En garde! Locals demand action from city on lack of school crossing guards

Photo by Yannic Rack
Crossing guards can be hard to spot in Lower Manhattan, which has long suffered from a chronic shortage, but locals are demanding the city correct the problem after last month’s truck-borne terror attack near three Downtown schools.

BY COLIN MIXSON

The Halloween terror attack that stole eight lives in Lower Manhattan has renewed calls to provide schools near the West Side Highway with much needed crossing guards, and local civic honchos are demanding the Mayor’s Office sit down with community members to hash out a solution before it’s too late, according to the chairwoman of Community Board 1’s Youth and Education Committee.

“We haven’t heard back from the Mayor’s Office and to say its frustrating undermines the seriousness of the issue,” said Tricia Joyce. “We need to hear back immediately before any more lives are lost.”

As it is, a single crossing guard stationed at Warren Street and the West Side Highway has been saddled with the herculean task of protecting more than 4,000 kids attending PS 89, IS 289, and Stuyvesant High School — all located within a block of the heinous terror attack — and that math doesn’t add up to a safe commute for the kids, according to Community Board 1’s second in command.

“Even if that one crossing guard was Wonder Woman, or Wonder Man, they couldn’t possibly provide the kind of coverage that’s needed,” said CB1 vice chairman Paul Hovitz.

At least three crossing guards are needed to cover the schools, including a guard at Chambers Street and the West Side Highway, and at Chambers Street and North End Avenue, where motorists have a habit of running the stop sign there, according to Joyce.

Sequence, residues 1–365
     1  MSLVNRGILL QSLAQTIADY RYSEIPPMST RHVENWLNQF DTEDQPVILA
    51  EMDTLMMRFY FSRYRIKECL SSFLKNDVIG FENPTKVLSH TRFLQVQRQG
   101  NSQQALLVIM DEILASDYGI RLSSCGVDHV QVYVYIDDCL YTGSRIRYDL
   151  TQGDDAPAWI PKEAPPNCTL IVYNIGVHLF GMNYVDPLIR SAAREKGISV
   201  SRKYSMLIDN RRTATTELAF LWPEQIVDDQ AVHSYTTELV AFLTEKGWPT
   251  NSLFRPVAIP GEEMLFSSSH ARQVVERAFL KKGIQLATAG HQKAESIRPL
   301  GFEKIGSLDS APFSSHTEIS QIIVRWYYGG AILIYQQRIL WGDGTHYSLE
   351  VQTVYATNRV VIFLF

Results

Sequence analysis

And while City Council and de Blasio have proven willing to provide the funding needed to staff the vacant intersections, the challenge of finding people willing to work the meager 20 hours per week and widely split morning-evening hours demanded by the job has left Downtown schools perennially strapped for crossing guards, according to Councilwoman Margaret Chin’s chief of staff.

“We’ve joined with other people in the Council to address the funding issue, but really what we have is a recruiting and retention problem,” said Paul Leonard.

To make the job more attractive, Chin and community members are proposing rolling crossing guard duties in with school safety officers, meaning the police who guard the schools would head outside to protect kids on the street in the mornings and afternoon, and head inside during school hours to keep kids safe throughout the day, according to Leonard.

“One of the ideas we have to take a look at, especially in light of what happened on Halloween, is bringing crossing guards under school safety and making it a full time position,” Leonard said.

As CB1 waits to hear back from the Mayor’s Office about the sit down, the chairwoman of board’s Battery Park City Committee, Tammy Meltzer, is asking for the Battery Park City Authority to lend area schools a hand by assigning its contract security guards to crossing guard duties, as a stop gap until the city finds a more permanent position. Some of the AlliedBarton personnel the authority posts near the schools have offered such help on an informal basis, but Meltzer would like to make it official policy.

“Everybody needs to put pressure on the city to fix the crossing guards, but BPCA has a special opportunity to facilitate an additional solution, and the question is, will they?” said Meltzer.

At a public meeting hosted by the authority on Nov. 14, Benjamin Jones, acting president at the BPCA, agreed to further discuss allocating additional guards to the schools.

Spread the word:

Leave a Reply

Your email address will not be published.


four − 1 =